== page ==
Drinking alcohol isn’t the only way to have fun at Christmas

Sober Gals Wales is creating a safe space for non-drinking women to celebrate and socialise without booze, this festive season

Emily Power, 29, founder of Sober Gals Wales, said: “Sobergals Wales is all about enjoying life without booze, and proving that it’s possible.” Photo by Sophie Colson.

A well lit room, crowded with women of all ages, laughing and chatting. The walls are covered in tinsel and bright twinkling lights, Christmas music is playing, and decorated trees stand in every corner. The bar is filled with snacks and mugs of warm mulled wine. It’s a scene recognisable to most people as a Christmas party. The only difference? There’s no alcohol in sight. 

Sober Gals Wales is a community of some 700 women who are at different levels of sobriety and who host events like this one, Christmas wreath-making, to meet like-minded women. 

It began in 2022 as a way for founder, Emily Power, 29, to make more female friends who could relate to becoming sober. “It was initially my way of finding my own sober network, but now it’s me providing that for others as well,” she said. 

Power had begun by trying to meet women on the Sober Girl Society, a social media group with 210k Instagram followers, but struggled to arrange meet-ups with local people. So, she created Sober Gals Wales with those in the area who seemed willing to meet. 

Katie McMenamin, 29, was one of those women added to the initial group chat. She said: “When I joined I was trying to meet new people.”

I’m completely teetotal. I don’t see myself ever drinking again because I don’t feel I can moderate. My life’s better off without it

Emily Power

The ‘non-drinking’ generation

Power explained she used to drink at the park when she was 16. Her drinking habits were normalised when she went to university, and began binge-drinking. She said: “I’ve always had an unhealthy relationship with alcohol. I was aware of that for a long time before I accepted it.”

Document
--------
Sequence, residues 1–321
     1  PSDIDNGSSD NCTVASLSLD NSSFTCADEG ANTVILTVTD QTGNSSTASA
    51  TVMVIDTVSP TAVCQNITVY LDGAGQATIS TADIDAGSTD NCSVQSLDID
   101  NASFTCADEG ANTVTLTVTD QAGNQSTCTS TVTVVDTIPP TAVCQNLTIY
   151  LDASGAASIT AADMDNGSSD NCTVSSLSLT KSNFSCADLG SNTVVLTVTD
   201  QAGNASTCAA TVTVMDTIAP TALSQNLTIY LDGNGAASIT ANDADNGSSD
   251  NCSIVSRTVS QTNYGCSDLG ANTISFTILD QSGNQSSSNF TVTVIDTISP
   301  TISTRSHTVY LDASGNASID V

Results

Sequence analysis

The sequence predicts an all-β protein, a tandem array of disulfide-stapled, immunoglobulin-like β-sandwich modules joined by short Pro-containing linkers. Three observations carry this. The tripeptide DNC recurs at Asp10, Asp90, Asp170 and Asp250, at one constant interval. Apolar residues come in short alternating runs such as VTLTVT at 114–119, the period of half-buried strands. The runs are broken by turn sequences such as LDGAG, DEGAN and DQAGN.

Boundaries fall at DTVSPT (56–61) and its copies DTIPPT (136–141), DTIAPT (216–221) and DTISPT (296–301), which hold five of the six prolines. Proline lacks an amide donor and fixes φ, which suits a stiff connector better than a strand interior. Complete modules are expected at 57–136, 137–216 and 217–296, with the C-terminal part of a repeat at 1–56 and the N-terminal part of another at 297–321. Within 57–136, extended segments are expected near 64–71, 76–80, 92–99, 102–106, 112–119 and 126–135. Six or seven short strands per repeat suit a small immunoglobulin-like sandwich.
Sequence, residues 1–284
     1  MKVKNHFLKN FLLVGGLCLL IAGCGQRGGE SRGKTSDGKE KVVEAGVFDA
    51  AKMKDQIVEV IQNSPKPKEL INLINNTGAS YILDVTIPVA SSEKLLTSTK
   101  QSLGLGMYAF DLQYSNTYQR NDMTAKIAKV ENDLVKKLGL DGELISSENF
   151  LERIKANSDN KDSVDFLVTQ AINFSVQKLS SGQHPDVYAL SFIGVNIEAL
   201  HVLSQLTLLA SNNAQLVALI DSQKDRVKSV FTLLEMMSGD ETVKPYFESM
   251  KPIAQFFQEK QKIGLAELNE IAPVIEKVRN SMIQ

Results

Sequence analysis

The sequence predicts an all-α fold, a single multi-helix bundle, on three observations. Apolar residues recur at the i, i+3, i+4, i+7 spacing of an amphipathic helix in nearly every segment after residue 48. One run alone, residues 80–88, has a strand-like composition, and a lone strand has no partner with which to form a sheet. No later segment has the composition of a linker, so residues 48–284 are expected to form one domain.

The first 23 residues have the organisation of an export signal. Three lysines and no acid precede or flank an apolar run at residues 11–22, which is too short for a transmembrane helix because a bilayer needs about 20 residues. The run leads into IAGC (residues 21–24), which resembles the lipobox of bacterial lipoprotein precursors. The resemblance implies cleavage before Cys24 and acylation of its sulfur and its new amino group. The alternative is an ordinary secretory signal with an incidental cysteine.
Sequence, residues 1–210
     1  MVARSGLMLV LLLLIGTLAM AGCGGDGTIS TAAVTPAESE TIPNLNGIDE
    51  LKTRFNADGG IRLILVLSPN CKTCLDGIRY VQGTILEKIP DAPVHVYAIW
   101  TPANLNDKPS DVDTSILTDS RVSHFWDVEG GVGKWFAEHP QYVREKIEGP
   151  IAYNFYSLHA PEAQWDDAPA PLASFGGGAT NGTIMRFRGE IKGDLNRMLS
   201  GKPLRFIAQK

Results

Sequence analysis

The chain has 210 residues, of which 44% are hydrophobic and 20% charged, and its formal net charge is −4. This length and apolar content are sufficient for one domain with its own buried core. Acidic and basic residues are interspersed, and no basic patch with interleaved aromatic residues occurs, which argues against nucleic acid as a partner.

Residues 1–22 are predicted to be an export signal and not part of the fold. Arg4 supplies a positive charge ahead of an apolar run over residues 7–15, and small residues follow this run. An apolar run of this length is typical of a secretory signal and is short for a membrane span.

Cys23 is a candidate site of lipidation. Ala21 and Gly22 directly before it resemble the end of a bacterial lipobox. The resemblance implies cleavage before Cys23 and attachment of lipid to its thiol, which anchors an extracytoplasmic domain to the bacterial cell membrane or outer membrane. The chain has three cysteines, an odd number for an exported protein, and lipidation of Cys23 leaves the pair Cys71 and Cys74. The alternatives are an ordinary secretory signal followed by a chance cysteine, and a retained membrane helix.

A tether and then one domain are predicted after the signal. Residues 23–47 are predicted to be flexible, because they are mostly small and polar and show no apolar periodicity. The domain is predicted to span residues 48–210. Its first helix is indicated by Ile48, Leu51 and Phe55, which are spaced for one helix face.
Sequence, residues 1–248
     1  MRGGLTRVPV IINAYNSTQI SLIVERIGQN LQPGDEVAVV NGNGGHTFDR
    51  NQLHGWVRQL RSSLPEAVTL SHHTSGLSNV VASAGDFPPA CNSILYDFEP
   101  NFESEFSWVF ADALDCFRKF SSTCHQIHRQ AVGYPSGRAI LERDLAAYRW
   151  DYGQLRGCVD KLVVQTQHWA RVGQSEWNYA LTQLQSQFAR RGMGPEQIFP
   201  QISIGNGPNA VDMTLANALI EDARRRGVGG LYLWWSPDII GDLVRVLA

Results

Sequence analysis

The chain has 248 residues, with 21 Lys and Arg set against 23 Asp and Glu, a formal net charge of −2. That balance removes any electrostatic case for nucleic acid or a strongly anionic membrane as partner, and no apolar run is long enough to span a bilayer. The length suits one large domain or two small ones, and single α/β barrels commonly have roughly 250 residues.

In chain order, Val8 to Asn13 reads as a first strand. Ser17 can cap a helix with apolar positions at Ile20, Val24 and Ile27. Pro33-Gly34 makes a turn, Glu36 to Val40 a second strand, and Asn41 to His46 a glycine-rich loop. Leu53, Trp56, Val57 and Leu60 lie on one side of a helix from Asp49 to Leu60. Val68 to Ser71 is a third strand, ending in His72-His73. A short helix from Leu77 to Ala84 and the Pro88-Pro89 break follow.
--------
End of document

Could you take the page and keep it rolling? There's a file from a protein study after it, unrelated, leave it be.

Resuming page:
Current beliefs around young people’s drinking habits are very mixed. The UK generally pictures university students as binge-drinkers and recognises that drinking at 16 is common. Yet, it’s also a popular belief that the current generation of young adults are non-drinkers. 

According to DrinkAware, 16-24 year olds are more likely to be non-drinkers (21%) compared to the rest of the population (13%). That’s one in five young adults, according to the report made in November 2023. 

Despite this, adults aged between 18-34 in Wales who do drink are more likely to binge. Almost three in four (73%) of people in this age range report binge-drinking in the last year compared to half (50%) of those aged 55 and over. 

“I’m completely teetotal. I don’t see myself ever drinking again because I don’t feel I can moderate. My life’s better off without it,” said Power.

Katie McMenamin, 29, realised sobriety was the right decision for her when she went out with her friends at Christmas and returned having spent less than she used to on a taxi home. Photo by Sophie Colson.

Sobriety and mental health